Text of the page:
Monday, April 27, 2009

Funny English loan phrase of the day

From the preface of a German monograph:

"Last, not least danke ich all jenen, die das Geschehen aus der Ferne verfolgt haben und gerade deshalb besonders nahe waren." (italics the author's). Roughly (very roughly) translated: "...I thank all those whose efforts from afar have had a very close effect."

Written rhetoric worthy of a banquet speech, no? And it's made all the more quaint by the absence of the "but" in "Last, but not least."

Monday, March 16, 2009

Funny English loan word of the day

Found on the back cover of a French imprint: "NRJ est la success-story la plus méconnue du capitalisme français." NRJ is here characterized as a business enterprise which has been neglected in the annals of French capitalism.

I guess metaphorically equating a person or entity with an account of their success is not something the French wish to do using their own language. Come to think of it, it's a rather awkward construction in English anyway.

Wednesday, March 11, 2009

Bibliographic recursion?

In my ongoing effort to become more well versed in information science outside of my immediate discipline, I have recently been reading about programming languages and their underlying concepts. One of these is recursion, which allows for formulas, functions, etc. to be referenced within their own definitions. In art, recursion happens when, say, a room depicted in a painting has a painting on the wall of the room. In informal logic, this is analogous to "begging the question", but that's another story...

I observed bibliographic recursion today as I was poring over a book I was cataloging. I noticed that the table of contents included the page number for the table of contents. Perhaps this is common in books, but today it gave me pause, and I'm immediately of two minds about it. On the one hand, what purpose does it serve to tell the reader where to locate the page s/he is already looking at? On the other hand, the table of contents can also be seen as a representative summary of the contents of a resource; in this light, it is perfectly appropriate.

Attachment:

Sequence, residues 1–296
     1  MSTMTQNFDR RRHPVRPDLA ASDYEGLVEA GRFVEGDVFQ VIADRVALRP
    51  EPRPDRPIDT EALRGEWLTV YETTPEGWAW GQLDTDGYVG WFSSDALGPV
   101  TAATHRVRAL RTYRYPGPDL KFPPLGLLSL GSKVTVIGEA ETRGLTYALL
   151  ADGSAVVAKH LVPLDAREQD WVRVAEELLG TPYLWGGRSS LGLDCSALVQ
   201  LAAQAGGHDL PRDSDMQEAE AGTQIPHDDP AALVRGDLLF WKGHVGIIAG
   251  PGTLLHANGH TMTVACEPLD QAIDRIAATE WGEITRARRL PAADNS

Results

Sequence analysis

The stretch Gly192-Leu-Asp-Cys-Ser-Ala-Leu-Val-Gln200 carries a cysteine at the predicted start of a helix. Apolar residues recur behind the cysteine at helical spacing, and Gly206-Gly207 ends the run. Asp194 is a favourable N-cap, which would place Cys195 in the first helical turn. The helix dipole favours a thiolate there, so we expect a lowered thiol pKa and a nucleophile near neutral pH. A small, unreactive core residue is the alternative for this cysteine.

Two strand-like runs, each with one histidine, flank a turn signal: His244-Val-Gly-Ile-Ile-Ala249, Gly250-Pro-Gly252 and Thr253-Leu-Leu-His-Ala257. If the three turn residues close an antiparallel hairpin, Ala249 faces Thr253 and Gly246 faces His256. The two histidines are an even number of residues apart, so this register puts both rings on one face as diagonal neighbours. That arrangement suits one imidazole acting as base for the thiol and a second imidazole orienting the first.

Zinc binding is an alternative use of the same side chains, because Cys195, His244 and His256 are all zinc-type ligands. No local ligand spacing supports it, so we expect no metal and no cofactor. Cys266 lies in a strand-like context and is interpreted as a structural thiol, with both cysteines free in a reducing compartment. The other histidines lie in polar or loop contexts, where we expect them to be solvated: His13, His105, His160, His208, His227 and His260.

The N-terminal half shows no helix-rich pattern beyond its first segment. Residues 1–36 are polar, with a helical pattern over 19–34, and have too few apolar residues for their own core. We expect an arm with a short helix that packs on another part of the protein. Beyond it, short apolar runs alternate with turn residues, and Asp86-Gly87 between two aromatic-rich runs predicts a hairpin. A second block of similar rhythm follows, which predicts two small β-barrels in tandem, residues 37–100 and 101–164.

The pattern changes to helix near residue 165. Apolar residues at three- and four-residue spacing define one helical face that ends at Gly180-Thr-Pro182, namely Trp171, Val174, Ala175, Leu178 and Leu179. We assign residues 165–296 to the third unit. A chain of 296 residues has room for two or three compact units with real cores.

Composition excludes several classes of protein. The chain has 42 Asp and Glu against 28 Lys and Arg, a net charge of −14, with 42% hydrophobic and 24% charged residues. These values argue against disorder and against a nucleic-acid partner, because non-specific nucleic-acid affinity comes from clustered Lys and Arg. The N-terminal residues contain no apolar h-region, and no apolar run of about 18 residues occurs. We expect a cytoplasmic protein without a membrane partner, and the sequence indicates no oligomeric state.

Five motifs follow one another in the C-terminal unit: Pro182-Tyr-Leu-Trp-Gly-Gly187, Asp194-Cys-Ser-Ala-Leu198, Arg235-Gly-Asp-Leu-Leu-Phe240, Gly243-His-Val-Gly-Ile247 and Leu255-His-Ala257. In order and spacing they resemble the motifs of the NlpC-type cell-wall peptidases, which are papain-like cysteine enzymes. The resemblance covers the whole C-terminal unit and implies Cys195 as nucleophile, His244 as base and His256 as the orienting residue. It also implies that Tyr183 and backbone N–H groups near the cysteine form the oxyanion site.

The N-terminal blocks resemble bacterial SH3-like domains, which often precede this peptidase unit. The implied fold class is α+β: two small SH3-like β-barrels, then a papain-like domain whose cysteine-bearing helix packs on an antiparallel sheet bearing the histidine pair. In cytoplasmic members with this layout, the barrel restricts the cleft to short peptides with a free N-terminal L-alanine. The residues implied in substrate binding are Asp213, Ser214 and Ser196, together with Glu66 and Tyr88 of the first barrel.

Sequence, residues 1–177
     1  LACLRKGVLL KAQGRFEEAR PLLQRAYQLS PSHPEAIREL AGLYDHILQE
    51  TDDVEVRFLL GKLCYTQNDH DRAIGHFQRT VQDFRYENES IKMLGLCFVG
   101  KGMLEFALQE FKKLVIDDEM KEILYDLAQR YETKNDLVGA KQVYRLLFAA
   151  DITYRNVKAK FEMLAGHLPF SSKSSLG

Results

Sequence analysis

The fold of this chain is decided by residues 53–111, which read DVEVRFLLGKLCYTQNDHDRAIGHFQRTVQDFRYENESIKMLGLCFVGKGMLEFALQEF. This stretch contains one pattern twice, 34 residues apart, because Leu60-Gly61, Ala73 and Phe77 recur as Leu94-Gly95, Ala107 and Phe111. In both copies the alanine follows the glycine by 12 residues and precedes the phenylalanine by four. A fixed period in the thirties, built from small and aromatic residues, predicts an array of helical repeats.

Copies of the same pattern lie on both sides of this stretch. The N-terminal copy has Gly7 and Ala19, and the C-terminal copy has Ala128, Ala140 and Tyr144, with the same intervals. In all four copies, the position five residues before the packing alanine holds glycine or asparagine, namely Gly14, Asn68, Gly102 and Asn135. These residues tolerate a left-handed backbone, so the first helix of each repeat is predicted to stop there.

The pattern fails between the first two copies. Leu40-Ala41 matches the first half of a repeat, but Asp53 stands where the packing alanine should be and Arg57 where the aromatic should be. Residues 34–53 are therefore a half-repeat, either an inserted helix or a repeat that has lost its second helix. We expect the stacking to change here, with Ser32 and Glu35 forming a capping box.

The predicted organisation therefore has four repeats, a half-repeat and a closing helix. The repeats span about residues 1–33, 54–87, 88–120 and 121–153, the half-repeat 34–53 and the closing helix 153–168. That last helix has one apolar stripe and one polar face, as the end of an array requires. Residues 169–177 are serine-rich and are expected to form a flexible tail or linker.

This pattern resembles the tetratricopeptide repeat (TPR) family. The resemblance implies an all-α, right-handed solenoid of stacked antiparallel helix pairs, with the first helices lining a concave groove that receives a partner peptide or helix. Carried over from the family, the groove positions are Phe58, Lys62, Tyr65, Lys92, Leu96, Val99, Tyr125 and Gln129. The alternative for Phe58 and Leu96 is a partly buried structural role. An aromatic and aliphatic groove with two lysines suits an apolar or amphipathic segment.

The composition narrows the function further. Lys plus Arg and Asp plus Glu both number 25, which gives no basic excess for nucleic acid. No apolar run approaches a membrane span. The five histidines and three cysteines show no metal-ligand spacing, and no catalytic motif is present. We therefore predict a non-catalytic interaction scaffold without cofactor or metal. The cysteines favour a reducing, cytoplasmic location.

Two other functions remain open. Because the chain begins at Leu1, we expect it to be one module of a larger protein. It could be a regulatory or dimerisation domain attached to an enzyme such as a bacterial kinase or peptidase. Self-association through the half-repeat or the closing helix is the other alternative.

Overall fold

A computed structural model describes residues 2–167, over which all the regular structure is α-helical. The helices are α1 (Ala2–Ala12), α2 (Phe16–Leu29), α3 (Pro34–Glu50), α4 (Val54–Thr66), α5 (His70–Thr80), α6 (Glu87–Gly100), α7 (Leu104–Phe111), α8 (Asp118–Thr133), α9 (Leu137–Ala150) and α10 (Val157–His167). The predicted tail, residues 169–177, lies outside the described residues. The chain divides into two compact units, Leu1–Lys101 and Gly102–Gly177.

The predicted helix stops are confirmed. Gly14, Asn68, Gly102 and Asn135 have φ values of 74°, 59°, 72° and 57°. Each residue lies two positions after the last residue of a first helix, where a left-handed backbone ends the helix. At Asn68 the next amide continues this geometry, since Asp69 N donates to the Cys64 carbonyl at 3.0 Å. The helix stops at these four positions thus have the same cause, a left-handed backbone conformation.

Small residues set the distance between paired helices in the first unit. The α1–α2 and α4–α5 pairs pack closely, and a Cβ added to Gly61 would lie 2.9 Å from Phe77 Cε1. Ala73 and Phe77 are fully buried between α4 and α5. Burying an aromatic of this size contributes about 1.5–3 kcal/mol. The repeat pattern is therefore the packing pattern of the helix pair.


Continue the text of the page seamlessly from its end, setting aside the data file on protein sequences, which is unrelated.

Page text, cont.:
One can also imagine a more egregious example of bibliographic recursion. Now, authors often cite themselves, usually from previous works they have written (composers do this too, when they recycle melodies, arias, etc.). But imagine, if you will, a bibliography of bibliographies (they exist, I promise), in which a citation for the bibliography in hand is included. I'm almost tempted to research this to see if it has occured... Almost.

Tuesday, March 3, 2009

Funny English loan word of the day

Found on the back cover of a Bolivian imprint: "No pretendemos, que este libro sea un bestseller" (roughly translated: "no joke, this book is a bestseller!").

Cute, with a soupçon of arrogance. One wonders if all they are borrowing is the word.

Thursday, February 26, 2009

What's in a name?

Interesting book of the day:

Des hommes à l'origine de l'Europe: Biographies des membres de la Haute Autorité de la CECA. by Mauve Carbonell.

Hmmm... Ms. Carbonell, writing about the members of the European Coal and Steel Community. Notice the french word for coal is "charbon" (literally translated: carbon).

Some people are destined to certain career paths, it would seem...